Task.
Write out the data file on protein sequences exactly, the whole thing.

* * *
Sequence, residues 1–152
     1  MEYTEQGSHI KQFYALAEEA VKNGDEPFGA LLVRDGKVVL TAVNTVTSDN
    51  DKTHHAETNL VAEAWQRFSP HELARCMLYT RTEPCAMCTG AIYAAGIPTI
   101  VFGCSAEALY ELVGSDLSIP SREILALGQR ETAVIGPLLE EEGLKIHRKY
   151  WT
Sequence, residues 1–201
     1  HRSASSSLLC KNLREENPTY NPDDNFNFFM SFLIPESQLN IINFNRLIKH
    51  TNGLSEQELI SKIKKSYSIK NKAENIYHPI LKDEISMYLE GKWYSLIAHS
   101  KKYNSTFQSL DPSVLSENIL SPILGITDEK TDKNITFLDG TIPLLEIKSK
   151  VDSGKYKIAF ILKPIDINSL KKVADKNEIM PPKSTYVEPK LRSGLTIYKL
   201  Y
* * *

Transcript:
Sequence, residues 1–152
     1  MEYTEQGSHI KQFYALAEEA VKNGDEPFGA LLVRDGKVVL TAVNTVTSDN
    51  DKTHHAETNL VAEAWQRFSP HELARCMLYT RTEPCAMCTG AIYAAGIPTI
   101  VFGCSAEALY ELVGSDLSIP SREILALGQR ETAVIGPLLE EEGLKIHRKY
   151  WT
Sequence, residues 1–201
     1  HRSASSSLLC KNLREENPTY NPDDNFNFFM SFLIPESQLN IINFNRLIKH
    51  TNGLSEQELI SKIKKSYSIK NKAENIYHPI LKDEISMYLE GKWYSLIAHS
   101  KKYNSTFQSL DPSVLSENIL SPILGITDEK TDKNITFLDG TIPLLEIKSK
   151  VDSGKYKIAF ILKPIDINSL KKVADKNEIM PPKSTYVEPK LRSGLTIYKL
   201  Y